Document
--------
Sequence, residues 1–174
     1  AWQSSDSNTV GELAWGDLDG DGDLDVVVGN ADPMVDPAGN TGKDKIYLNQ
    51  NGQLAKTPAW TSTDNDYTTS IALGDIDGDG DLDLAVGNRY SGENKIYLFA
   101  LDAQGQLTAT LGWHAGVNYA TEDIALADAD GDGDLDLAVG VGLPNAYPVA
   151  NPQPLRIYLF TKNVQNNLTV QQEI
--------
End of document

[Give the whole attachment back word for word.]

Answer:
Sequence, residues 1–174
     1  AWQSSDSNTV GELAWGDLDG DGDLDVVVGN ADPMVDPAGN TGKDKIYLNQ
    51  NGQLAKTPAW TSTDNDYTTS IALGDIDGDG DLDLAVGNRY SGENKIYLFA
   101  LDAQGQLTAT LGWHAGVNYA TEDIALADAD GDGDLDLAVG VGLPNAYPVA
   151  NPQPLRIYLF TKNVQNNLTV QQEI